Published June 24, 2020
Generation Z will not let pandemic and quarantine hold them back from driving change. As the nation has been gripped by protests, resilient and vocal new Gen Z activists are using social media as one of their “tools for justice” to connect, mobilize and call out societal inequities. Gen Z’s powerful demands for change will fiercely confront any institution, company or government whose moral or societal values they find lacking. Generation Z faced exposure to tragedy and conflict through much of their childhood, in a world changed forever by 9/11 and the conflicts at home and abroad which followed. That experience provides the springboard for taking (and demanding) actions they believe are long overdue. Once derided as the Snowflake Generation, this relentless cohort of 10-23 year olds has turned to activism as they release their anxiety and express their frustrations with society. And it seems to be working. Generation Z has been at the forefront of protests against racial injustice, police abuse and pushing for civil rights reform. Ninety percent of Gen Z Americans support the Black Lives Matter movement. In what seemed like minutes, outraged members of Gen Z rose from struggling “Zoomers” stuck on quarantine couches to become commanding street-bound warriors, protesting peacefully against racial injustice.

Generation Z has grown up with the digital technology it now masters, optimizing social media to confront their opposition. In the days leading the Trump campaign rally on June 20th in Tulsa, thousands of TikTok teens and K-pop music fans are believed to have reserved slews of tickets with no intention of attending. This simple yet effective prank may have contributed to thousands of empty seats, which dominated the post-event coverage of the event as a disappointment for the campaign. Confronting opposition may be Generation Z’s newest coping skill and fuel for marching in the face of all-time high rates of anxiety and depression. They feel pummeled by external factors like COVID-19, social and political instability and racial injustice, while their own educational and economic futures feel deeply uncertain. A Harris Poll conducted on behalf of the National 4-H Council revealed that 70% of teenagers said they struggle with mental health. According to psychologist Rick Hanson, “Action binds anxiety; that’s a research finding…If you take appropriate action and you know what you’re doing, it’ll calm you down.” By channeling their anxiety into activism, Generation Z is using social media expertise and leadership skills to ignite change and correct the injustices tolerated for too long by older generations.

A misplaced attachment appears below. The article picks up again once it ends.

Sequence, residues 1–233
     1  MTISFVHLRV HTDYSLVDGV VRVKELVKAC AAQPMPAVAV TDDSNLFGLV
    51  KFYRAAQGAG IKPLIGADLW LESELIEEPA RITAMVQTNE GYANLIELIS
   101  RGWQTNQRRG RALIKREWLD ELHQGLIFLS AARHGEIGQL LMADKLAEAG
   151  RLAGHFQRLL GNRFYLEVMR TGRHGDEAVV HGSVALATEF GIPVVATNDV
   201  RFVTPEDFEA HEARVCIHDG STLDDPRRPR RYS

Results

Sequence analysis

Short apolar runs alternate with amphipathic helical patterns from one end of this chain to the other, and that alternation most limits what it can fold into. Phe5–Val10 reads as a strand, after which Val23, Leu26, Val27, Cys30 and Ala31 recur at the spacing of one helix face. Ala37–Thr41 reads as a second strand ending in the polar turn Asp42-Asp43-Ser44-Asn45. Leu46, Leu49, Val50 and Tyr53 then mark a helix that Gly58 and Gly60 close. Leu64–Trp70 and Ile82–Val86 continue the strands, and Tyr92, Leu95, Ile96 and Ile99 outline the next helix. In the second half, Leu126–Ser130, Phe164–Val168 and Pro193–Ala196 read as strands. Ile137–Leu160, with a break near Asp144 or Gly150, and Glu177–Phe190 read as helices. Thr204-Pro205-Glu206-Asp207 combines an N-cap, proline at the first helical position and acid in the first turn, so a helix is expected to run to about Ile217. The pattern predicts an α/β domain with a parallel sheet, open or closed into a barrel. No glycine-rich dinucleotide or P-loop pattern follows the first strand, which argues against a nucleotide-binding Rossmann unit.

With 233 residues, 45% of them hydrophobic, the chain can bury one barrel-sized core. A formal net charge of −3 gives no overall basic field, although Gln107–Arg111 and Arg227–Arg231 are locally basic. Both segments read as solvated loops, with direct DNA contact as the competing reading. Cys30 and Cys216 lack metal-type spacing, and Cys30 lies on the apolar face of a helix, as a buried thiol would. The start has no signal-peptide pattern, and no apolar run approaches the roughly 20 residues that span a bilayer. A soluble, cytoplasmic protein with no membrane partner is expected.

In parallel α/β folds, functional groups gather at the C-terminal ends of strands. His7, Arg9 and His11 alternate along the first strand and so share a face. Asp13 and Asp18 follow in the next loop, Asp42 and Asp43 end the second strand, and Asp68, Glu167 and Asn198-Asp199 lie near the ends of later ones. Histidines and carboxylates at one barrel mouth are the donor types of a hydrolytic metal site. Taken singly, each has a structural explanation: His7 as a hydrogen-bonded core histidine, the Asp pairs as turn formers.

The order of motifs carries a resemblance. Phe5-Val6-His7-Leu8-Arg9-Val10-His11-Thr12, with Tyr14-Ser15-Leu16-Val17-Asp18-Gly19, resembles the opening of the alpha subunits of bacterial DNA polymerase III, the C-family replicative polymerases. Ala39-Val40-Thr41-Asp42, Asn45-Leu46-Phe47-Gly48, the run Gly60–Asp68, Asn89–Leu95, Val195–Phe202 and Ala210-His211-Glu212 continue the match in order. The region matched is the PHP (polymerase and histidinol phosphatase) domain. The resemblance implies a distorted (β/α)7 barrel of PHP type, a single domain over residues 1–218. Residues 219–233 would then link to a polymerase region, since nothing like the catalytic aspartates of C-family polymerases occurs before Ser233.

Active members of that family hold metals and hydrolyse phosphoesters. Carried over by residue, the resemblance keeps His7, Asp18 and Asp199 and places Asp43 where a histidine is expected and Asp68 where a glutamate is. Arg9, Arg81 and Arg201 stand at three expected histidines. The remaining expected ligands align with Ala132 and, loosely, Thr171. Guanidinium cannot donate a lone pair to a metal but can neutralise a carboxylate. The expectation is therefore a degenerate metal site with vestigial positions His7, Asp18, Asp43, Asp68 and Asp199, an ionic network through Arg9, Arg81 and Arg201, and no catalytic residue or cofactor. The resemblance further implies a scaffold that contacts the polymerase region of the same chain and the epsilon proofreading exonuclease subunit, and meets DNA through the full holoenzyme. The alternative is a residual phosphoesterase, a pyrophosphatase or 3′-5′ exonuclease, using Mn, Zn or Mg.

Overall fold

Every time I watch the news, I get triggered by all the instability. But then I go to Snapchat or TikTok to express my opinions and I see that I’m not alone. That makes me feel better.” – Rachel, 17

When they’re not in the streets demanding change, many teens, including mine, are voicing political opinions on TikTok. Not all are progressive, as might be expected. Conservative teens collaborate on TikTok’s @conservativehypehouse where they post videos to promote President Trump. TikTok teens “duet” opposing videos, posting counter arguments to others’ political opinions such as @sofiahateslife.

Generation Z’s demands for reform will carry far beyond politics and societal injustices. We can expect activism against universities, employers and brands they perceive to violate their principles, collectively or individually. With colleges rolling out Fall plans to manage coronavirus on campus, we can expect numerous protests over issues like tuition, faculty politics, a university’s position on Black Lives Matter, and LGBTQIA+ policies. Last week an Oklahoma State University running back refused to participate in any university activity because his head coach wore a T-shirt with a conservative cable network logo.  The athlete tweeted, “I will not stand for this.. This is completely insensitive to everything going on in society, and it’s unacceptable.” Two days later the coach apologized, but the issue remains highly charged in the state. University of Texas football players have objected to the team’s traditional fight song, “The Eyes of Texas,” as racist. This type of public, social media-driven protest from Division I NCAA football players would have been unthinkable only a few weeks ago.

In these challenging and uncertain times, underestimating Generation Z based on their age and limited life experience would be a mistake.  Institutions, companies, governments and other entities need to be prepared to discuss controversial issues with this generation as it leads a movement for change in our streets and on the screens of our digital lives. They are saying “enough is enough” – will we listen?